In most states, suing your employer for negligence will not likely succeed. That is because most states require workers’ compensation, which is the sole remedy for employees who are injured on the job. However, as noted above, in Texas, employers are not required to have workers’ compensation. Therefore, in Texas, if an employer does not provide workers’ compensation, an employee may sue the employer for negligence.

To succeed in a negligence claim, the employee must show that (1) the employer acted negligently and (2) the act directly led to the employee’s injury.  The employee must prove these by a preponderance of the evidence (the evidence must show that the act more likely than not caused the employee’s injury).

Read More: Texas Meatpacking Injury Lawyers


Even if your employer subscribes to workplace compensation, it may not be enough to help you recover adequately after an injury.  In fact, many workplace compensation claims are denied, and the employee receives absolutely nothing.  If you are in such a situation, an experienced workplace injury lawyer in El Paso may be able to help.

An experienced lawyer has the resources to help make your case. For instance, a lawyer may contact medical specialists to discover the full extent of your injuries or quantify the costs of your injuries and wage loss. Furthermore, a lawyer may help you negotiate with an insurance company. Often, insurance companies will shortchange you and refuse to give you full compensation for your injuries. Because an experienced lawyer knows the game that insurance companies play, he or she may help your recover more compensation than if you had negotiated in your individual capacity.  If you find yourself in a situation in which your workers’ compensation is not adequate, be sure to call a lawyer to find out your options.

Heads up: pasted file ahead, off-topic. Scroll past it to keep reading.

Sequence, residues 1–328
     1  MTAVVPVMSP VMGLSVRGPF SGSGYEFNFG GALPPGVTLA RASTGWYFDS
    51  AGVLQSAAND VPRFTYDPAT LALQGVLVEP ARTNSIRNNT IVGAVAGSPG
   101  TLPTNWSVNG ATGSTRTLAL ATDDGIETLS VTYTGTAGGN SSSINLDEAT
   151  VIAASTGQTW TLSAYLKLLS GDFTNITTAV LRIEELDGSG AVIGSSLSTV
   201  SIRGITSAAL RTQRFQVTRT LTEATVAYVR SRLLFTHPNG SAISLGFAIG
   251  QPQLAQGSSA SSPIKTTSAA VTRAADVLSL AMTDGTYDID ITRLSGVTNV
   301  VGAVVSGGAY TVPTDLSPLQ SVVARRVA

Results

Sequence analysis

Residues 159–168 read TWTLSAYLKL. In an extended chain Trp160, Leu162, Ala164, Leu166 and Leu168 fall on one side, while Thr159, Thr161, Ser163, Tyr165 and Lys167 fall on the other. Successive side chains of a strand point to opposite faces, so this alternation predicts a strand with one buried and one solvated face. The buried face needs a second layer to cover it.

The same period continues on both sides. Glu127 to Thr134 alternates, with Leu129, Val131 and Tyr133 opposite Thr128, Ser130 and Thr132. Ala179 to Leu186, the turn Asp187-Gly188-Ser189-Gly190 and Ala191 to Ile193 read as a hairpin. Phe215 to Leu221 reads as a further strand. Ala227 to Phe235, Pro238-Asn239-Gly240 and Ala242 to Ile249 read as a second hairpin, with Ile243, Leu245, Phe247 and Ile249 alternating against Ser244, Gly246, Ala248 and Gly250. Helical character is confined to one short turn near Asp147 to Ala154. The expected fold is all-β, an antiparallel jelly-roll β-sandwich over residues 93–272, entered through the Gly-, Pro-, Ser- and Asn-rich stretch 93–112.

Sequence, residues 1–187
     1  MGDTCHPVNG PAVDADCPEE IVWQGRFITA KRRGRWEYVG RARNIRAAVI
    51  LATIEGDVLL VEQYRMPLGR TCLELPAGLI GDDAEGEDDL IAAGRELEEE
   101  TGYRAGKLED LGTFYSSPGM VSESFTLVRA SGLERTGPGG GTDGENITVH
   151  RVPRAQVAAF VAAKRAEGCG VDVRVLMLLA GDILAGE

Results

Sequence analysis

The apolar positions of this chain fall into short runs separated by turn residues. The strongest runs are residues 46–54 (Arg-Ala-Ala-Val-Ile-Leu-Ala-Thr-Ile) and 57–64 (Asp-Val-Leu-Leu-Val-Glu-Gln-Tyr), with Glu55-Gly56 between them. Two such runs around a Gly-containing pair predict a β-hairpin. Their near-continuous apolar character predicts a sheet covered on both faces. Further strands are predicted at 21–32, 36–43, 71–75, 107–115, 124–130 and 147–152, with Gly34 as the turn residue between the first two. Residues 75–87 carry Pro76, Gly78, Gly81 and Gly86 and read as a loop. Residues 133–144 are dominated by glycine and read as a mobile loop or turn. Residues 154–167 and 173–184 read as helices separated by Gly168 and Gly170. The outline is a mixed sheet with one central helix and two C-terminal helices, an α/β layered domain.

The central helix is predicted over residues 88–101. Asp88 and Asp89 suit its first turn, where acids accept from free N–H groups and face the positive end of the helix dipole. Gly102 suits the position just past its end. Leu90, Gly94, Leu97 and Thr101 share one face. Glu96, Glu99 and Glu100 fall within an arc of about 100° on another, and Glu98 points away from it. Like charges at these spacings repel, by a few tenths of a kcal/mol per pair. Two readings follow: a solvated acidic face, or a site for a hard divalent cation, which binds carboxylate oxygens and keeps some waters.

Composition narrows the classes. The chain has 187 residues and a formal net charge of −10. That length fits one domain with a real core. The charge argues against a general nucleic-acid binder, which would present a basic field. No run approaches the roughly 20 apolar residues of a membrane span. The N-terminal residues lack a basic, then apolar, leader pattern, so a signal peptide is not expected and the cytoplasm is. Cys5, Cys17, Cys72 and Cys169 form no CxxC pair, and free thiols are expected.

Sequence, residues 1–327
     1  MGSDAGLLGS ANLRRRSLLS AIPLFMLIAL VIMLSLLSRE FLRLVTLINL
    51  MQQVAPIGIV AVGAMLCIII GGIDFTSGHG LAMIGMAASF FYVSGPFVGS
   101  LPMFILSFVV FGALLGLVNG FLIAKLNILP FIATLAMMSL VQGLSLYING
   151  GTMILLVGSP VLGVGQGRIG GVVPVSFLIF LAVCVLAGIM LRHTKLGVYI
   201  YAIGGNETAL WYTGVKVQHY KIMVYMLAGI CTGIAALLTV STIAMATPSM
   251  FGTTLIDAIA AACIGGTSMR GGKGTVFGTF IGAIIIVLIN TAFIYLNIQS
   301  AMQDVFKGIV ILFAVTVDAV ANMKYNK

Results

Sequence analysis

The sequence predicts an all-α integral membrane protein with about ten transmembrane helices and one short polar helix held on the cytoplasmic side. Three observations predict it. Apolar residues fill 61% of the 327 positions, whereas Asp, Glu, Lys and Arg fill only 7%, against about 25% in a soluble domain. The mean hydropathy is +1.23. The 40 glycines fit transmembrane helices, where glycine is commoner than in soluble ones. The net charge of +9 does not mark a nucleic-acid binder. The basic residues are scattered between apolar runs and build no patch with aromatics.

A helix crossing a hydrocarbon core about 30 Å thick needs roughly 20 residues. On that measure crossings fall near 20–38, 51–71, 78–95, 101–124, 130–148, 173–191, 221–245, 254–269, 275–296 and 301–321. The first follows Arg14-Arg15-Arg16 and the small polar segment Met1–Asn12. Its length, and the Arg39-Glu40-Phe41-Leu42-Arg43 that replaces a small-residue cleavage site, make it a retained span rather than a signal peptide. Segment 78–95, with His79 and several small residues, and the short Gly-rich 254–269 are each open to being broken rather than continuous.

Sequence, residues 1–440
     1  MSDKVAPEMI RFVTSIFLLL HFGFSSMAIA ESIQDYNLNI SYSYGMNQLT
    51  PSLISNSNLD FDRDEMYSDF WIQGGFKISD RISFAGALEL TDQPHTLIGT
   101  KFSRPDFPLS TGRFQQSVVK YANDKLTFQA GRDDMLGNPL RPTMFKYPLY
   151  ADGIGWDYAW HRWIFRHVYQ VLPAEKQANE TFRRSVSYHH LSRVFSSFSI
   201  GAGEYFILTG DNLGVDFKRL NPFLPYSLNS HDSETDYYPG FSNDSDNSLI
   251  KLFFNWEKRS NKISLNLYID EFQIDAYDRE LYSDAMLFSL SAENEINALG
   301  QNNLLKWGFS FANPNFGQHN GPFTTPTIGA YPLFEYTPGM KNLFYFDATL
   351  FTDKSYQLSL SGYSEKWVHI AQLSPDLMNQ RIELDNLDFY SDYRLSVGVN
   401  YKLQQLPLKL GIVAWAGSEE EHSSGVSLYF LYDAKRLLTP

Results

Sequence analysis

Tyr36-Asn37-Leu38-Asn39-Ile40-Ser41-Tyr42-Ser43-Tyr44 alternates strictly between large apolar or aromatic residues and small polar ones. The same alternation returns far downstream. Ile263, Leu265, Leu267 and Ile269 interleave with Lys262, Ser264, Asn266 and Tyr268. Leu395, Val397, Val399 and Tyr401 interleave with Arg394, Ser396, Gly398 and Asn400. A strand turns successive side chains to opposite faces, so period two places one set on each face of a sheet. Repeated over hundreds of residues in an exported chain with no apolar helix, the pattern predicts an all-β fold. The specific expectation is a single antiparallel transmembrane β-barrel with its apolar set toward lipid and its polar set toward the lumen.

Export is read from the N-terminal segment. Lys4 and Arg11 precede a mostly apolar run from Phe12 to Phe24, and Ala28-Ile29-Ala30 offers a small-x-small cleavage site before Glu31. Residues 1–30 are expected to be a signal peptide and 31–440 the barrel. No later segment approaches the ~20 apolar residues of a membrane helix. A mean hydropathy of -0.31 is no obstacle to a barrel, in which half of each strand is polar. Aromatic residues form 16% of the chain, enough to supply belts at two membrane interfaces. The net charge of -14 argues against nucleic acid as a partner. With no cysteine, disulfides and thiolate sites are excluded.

Read More: How Do I Find a Personal Injury Attorney?


1. Report the Injury to Your Employer

When you receive a workplace injury, be sure to first report to your employer. Generally, you must do this in 30 days from the date of the injury or from the date when you discovered the injury. This is important because you may lose your rights to workplace compensation if you fail to do so.  Your employer will give you the necessary forms to fill out. Once you submit these forms, your employer’s insurance company will start an investigation to determine if you qualify for compensation.